“For as long as I can remember, compound interest has been at the center of my own investment thinking.” – John Bogle
Researchers from Washington University in St. Louis are conducting an experiment to determine the impact of savings on child development. Contributions of $1,000 are made towards a child’s college fund when they are born.
Then they track these children to test their development and progress. Here’s what they have discovered so far:
“The theory behind SEED OK is that accumulating assets within a household may positively affect the family’s outlook on that child’s future,” said Michael Sherraden, PhD, the Benjamin E. Youngdahl Professor of Social Development and director of the CSD. “Now, seven years later, we’re beginning to see this work yielding promising results.”
The program has shown that those parents whose children received this money for college reported that their kids are more socially and emotionally developed than the ones who in the study who were not given the money.
The best results have come from those in lower income households.
This is impossible to gauge with any precision, but the authors of the study feel that these parents see more potential in their children because they have the savings started for their education.
The expectations have been raised.
So whether the children are more developed or not, the parents are treating them as if they are. It’s a virtuous cycle that compounds and could actually mean a better life down the road for these kids.
Stay with me here as I’m about to make leap in my conclusion from this study (just go with it).
Saving money can act as a form of George Soros’s theory of reflexivity.
Reflexivity states that the valuation of any market can create a virtuous circle that alters that market in the future based on the actions of investors.
Basically, Soros is saying that the biases and views of investors can actually change the fundamentals that determine the prices in a market.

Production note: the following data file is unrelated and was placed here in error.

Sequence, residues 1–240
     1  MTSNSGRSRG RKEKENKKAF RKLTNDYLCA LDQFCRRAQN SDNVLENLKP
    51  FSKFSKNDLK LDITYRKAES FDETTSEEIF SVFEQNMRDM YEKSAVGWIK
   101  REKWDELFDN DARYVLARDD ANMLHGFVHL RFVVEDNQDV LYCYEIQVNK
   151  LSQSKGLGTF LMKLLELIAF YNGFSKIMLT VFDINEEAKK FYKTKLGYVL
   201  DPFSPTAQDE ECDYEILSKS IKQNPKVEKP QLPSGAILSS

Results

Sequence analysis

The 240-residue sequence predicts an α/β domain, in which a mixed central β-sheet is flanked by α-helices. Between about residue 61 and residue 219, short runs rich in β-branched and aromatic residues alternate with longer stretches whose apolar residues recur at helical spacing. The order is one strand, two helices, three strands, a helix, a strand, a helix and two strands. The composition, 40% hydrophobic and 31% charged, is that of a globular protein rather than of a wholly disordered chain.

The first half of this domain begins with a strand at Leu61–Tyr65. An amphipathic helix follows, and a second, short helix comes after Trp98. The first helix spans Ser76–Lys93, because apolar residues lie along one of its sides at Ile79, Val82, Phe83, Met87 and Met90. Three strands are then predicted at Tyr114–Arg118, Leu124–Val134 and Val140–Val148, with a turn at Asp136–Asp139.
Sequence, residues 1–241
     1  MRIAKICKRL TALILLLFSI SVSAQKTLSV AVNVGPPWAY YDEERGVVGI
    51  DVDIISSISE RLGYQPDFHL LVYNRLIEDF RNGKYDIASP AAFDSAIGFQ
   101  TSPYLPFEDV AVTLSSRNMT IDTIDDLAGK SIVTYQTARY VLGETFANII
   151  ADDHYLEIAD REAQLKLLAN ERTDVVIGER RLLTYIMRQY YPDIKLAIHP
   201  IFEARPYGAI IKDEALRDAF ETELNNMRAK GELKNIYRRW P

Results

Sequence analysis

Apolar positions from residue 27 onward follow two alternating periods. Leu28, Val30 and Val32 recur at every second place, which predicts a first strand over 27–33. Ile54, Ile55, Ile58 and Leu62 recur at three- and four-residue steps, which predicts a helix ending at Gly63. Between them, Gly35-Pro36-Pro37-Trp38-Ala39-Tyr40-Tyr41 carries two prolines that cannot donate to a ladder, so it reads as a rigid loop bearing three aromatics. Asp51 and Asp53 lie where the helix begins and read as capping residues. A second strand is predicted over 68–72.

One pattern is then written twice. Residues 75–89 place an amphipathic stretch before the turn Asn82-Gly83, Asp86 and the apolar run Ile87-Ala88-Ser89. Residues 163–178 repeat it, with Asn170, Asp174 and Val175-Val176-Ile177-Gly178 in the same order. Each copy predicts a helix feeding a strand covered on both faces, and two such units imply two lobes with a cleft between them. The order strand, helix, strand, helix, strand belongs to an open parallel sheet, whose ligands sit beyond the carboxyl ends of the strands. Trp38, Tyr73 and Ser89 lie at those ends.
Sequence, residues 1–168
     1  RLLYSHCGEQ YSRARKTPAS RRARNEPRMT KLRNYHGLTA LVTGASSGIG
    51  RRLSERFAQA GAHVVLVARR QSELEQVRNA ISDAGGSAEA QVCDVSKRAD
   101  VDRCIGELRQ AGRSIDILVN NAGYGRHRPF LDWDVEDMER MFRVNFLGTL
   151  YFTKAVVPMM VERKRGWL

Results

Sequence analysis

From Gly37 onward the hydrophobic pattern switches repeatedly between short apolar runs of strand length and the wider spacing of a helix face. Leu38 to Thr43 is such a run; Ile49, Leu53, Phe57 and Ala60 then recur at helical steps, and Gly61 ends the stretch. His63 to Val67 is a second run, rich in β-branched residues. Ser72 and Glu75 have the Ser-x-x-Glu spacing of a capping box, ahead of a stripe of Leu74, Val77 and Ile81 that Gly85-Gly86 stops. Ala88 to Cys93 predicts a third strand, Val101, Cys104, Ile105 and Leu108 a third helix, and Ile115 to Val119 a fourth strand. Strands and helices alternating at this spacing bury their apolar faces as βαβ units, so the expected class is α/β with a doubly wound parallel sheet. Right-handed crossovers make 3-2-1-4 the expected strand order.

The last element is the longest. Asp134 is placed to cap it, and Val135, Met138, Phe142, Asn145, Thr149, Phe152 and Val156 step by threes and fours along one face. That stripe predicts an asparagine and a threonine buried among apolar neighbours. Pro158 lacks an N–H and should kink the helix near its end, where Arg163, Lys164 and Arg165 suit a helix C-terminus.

So higher stock prices can lead to increased investment by company management which could increase economic activity and thus lead to even higher stock prices.
Positive and negative feedback loops can cause prices to take off in either direction.
This is an important idea to grasp when trying to understand manias and panics that evolve from greed and fear. Soros has said that this is a common sense idea, but one that many don’t take the time to understand.
It’s not a perfect comparison with saving money because booms lead to busts and vice versa, but the self-reinforcing process is the link.
Studies have shown that saving money can lead to an increase in happiness. This seems obvious, but how much money people have saved has a much larger impact on well-being than income level.
Happiness levels off at a certain income threshold, but that’s not the case with how much you save.
Not only does your money compound when you save and invest for the future by delaying current consumption, but your happiness and perception of the future changes as well.
This is exactly what is happening with the college savings study.
The money in these savings accounts give the parents hope that their child will go to college someday, which in turn leads to positive reinforcement that can increase self-confidence and snowball from there.
There’s no guarantee that this has to work, but it’s an intriguing idea.
We’ve seen how behavioral biases can affect our decisions in a negative way, but in this instance, having an optimistic bias of the future is actually a good thing.
That’s why it’s so important for people to simply start saving so they can see some results and allow the positive feedback loop to kick in.
Coming up next week, how you can use the Black-Scholes option pricing model to get a new job…okay maybe not.
Listen to Dan Ariely’s podcast for more on this study:
Small savings, big difference (Dan Ariely)
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